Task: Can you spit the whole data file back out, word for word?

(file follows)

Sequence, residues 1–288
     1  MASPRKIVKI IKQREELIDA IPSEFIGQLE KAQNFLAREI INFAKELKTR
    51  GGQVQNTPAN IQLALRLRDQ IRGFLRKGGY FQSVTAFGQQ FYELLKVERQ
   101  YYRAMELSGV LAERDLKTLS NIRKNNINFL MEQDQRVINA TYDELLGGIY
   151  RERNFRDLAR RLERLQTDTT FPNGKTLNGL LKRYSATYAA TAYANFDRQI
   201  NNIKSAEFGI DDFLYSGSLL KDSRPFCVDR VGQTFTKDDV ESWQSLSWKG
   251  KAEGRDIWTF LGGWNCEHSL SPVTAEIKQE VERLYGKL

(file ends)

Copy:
Sequence, residues 1–288
     1  MASPRKIVKI IKQREELIDA IPSEFIGQLE KAQNFLAREI INFAKELKTR
    51  GGQVQNTPAN IQLALRLRDQ IRGFLRKGGY FQSVTAFGQQ FYELLKVERQ
   101  YYRAMELSGV LAERDLKTLS NIRKNNINFL MEQDQRVINA TYDELLGGIY
   151  RERNFRDLAR RLERLQTDTT FPNGKTLNGL LKRYSATYAA TAYANFDRQI
   201  NNIKSAEFGI DDFLYSGSLL KDSRPFCVDR VGQTFTKDDV ESWQSLSWKG
   251  KAEGRDIWTF LGGWNCEHSL SPVTAEIKQE VERLYGKL